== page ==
Bascom companies, landmarks, postcards.... are found from all across America, and many bear the Bascom name in their title. Here are just a few.
Numerous landmarks can be attributed to the Reverend John Bascom [1827-1911]
(BASCOM lineage: Thomas - Thomas II - Thomas III -
Samuel - Samuel II - Aaron - John.)
He was president at the University of Wisconsin and Bascom Hall and the Bascom Hill on which it sits were named for him. John Bascom helped sponsor the publication of the 1870 Bascom genealogy. John was involved with the creation of the Mt. Greylock Reservation, the highest mountain in Massachusetts. The lodge at the top of Mt. Greylock is named Bascom Lodge and can be found on several old photo postcards. Today it is an AMC hiking shelter. Read more about him on the famous Bascoms page.
The Bascom-Louise Hotel, in Highlands, North Carolina was built by Henry Martin Bascom [1853-1942] (Bascom lineage: Thomas - Ezekiel - Elias - Reuben - Reuben - Carlos - Henry.)
Henry was an early founder of the town of Highlands and was mayor for several terms. First named Davis House, after his wife's aunt, the inn was known by several names including Tricemont Terrace, Kings Inn, and Lee's Inn. It burned in 1982.
Henry's daughter Louise Rand Bascom married Watson Barratt. Louise wrote for Harper's Weekly, Good Housekeeping, Ladies Home Journal, and co-authored the book "New York in Seven Days." Mr. Barratt was a scenic designer and theatrical producer in New York. Be sure to visit the Highlands Historical Society web site.
Pictured is "Bascom's Sugar House" as it was known and looked in the early 1980s. Since about 1853 the Bascoms in Acworth, NH have been producing maple syrup. Ken Bascom was owner, and also president of the Bascom Reunion Association. Today his son Bruce Bascom owns the business and has expanded it considerably. Bascom Maple Farms produces upwards of 20,000 gallons of maple syrup annually, more than anyone else in the U. S. For more information visit the company web sites Bascom Maple or Maple Source. (Bascom lineage: Thomas - Thomas II - Thomas III - Ezekiel - Elias - Reuben - Elisha - Martin - James - Eric - Ken - Bruce)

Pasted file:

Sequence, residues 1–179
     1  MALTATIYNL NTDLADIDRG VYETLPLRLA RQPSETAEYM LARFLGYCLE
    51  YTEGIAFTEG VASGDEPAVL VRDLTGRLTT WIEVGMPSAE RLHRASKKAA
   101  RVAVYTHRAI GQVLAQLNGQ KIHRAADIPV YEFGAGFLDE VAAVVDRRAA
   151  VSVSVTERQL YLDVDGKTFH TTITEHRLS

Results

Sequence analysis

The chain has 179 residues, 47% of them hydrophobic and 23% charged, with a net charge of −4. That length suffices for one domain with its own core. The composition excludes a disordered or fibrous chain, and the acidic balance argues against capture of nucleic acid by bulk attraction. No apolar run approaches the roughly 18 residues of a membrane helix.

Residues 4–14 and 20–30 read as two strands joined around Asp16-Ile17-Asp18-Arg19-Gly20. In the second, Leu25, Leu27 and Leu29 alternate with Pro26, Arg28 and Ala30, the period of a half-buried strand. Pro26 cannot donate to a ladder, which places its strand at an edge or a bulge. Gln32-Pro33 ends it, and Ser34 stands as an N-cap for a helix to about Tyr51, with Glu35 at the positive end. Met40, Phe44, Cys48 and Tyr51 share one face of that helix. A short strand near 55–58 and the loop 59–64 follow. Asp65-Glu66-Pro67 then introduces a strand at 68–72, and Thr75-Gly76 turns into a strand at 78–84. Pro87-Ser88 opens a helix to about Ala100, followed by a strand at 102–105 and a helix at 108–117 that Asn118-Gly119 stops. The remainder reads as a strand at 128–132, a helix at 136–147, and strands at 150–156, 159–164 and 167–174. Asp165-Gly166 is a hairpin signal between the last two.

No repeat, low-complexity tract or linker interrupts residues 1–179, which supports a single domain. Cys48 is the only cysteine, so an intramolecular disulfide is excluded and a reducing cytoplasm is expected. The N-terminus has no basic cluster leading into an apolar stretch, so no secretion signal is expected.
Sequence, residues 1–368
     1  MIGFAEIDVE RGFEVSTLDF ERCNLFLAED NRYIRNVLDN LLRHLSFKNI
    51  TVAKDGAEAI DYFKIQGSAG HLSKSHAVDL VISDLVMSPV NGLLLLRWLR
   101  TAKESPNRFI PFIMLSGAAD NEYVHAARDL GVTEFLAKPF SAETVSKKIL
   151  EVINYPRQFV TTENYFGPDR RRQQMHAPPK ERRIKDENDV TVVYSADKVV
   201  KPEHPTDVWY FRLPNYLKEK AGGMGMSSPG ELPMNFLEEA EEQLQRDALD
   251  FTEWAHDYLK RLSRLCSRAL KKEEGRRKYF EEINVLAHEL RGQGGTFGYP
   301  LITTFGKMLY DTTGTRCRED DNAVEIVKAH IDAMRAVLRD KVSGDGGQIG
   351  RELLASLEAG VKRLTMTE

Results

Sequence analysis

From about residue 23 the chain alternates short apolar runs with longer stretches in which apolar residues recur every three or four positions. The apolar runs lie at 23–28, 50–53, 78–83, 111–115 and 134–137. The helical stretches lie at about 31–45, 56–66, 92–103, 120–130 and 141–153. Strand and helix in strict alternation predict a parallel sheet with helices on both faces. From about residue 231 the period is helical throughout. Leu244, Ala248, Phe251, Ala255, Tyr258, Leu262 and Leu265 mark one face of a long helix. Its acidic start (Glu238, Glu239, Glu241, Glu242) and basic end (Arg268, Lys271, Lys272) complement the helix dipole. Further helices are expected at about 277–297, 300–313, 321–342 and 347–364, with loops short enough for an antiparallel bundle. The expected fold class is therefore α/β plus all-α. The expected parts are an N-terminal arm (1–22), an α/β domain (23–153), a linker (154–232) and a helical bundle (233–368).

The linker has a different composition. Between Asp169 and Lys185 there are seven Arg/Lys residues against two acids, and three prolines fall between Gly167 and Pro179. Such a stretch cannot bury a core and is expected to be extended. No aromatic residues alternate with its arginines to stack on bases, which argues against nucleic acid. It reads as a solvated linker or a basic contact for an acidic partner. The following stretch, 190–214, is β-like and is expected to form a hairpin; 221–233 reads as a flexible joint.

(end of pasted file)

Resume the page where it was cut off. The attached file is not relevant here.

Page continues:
Joseph Dayton Bascom [1849-1928] was co-founder of the Broderick & Bascom wire rope company of St. Louis. Their steel cables were used in hundreds of construction projects across the United States in bridges, mines, railroads, elevators, and cranes. This booklet pictured, comes from the 1904 World's Fair. At that time they had produced the longest spool of wire rope in the world, and it took 42 mules to move it. The paperweight pictured is made from a short section of twisted cable. Their signature rope had a yellow strand twisted into the cable. (Bascom lineage: Thomas - Thomas II - Thomas III - Jonathan - Elisha - King - Jonathan - Joseph)
The Bascom Hotel of Bethel, Vermont was built in 1816 by Simon Babbit. It was known by several names including Babbit's Tavern, Hotel Bascom, Hotel Emery, and Bethel Inn. It burned in 1980. For a period it was run by Frank H. Bascom [1847-1890] and wife Mary Gilson.
(Bascom lineage: Thomas - Thomas II - Thomas III - Ezekiel - Elias - Elisha - Ira - Frank)
Fort Bascom on the Canadian River in New Mexico was built in 1863 and abandoned by 1870. It was one of a series of forts used to monitor the Kiowas and Comanche Indians of that area. The fort was named to honor Captain George Bascom who died in 1862 fighting for the Union at the Civil War Battle of Valverde in New Mexico.
(BASCOM lineage: Thomas - Thomas II - Thomas III - Jonathan - Jonathan II - Alpheus - Sylvanus - George)
The Bascom Stage Stop in Dickey, Idaho is still there today.
(BASCOM lineage: Thomas - Thomas II - Thomas III - Samuel - Samuel II - Aaron - James - Edward - Edward II)